BoC : Investors’ and repeat buyers’ share of market increasing

BoC : Investors' and repeat buyers' share of market increasing

The province of British Columbia saw a record number of new homes certified for construction last year, though new Bank of Canada data proposes that a considerable chunk was purchased by investors.

The Bank of Canada report observed credit bureau and mortgage data to calculate the percentage of Canadian homes purchased by first-time homebuyers, repeat buyers and investors.

The report revealed that investors and repeat buyers figured for an ever-increasing portion of mortgage-backed home buys. "Home purchases are being driven increasingly by existing homeowners," the report concludes.

"Within this group, investors have seen the largest gain in their share of home purchases during the COVID 19 pandemic."

Since the report evaluated mortgage data, homes that were acquired by way of cash or by corporations were not captured.

The report found that first-time home buyers made up for 47 per cent of the market as of June 1st last year, a 6 per cent decrease from the beginning of 2015.

The market's percentages of repeat buyers and investors increased. Repeat buyers made up for one third of the market as of June 2021, up from 30 per cent in January 2015. Investors made up 21 per cent, up from 18 per cent.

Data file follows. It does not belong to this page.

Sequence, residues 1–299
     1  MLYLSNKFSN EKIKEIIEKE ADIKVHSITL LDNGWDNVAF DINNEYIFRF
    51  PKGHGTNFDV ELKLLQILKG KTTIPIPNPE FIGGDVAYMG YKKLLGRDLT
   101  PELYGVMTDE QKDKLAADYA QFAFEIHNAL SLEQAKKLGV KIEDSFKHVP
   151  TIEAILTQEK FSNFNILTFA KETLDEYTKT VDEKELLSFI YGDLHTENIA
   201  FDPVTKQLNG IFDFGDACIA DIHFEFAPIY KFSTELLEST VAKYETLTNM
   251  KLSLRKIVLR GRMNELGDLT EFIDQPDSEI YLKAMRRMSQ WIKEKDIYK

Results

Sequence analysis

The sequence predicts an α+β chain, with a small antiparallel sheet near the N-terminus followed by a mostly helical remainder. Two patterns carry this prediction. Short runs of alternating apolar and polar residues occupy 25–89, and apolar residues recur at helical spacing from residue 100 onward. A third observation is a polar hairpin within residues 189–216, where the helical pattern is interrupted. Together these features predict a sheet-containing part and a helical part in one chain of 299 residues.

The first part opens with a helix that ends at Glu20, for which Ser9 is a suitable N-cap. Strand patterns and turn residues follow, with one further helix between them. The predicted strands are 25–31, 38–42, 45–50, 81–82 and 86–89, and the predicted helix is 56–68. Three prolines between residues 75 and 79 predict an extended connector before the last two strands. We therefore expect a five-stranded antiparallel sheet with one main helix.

During the pandemic, purchases by investors have saw the most growth. Investors purchased twice as many homes in June of last year as they did in June 2020 - a 100 per cent increase.

Over the same period, repeat buyers increased by 66 per cent and first time buyers by 47 per cent.

"Registered new homes data is collected at the beginning of a project, before building permits are issued, making it a leading indicator of housing activity in B.C.," the province explained in a news release.

BC Housing numbers show 53,189 new homes were registered last year, a 67 per cent increase from 2020.

"This report shows that we can meet the challenge to increase the supply of desperately needed rental homes for individuals, families and seniors in B.C., if cities partner with us to get building permits issued quickly for these registered units," stated David Eby, B.C.'s Attorney General and Minister Responsible for Housing, in the province's release.

"The numbers show that together we can respond to the more than 25,000 new people who moved to British Columbia in the last three months looking for homes, and the thousands more who we know are still coming," Eby added. "We can only succeed in this major challenge if we have committed partners in cities, the federal government, non-profits, First Nations and the private sector to get these registered homes built and open."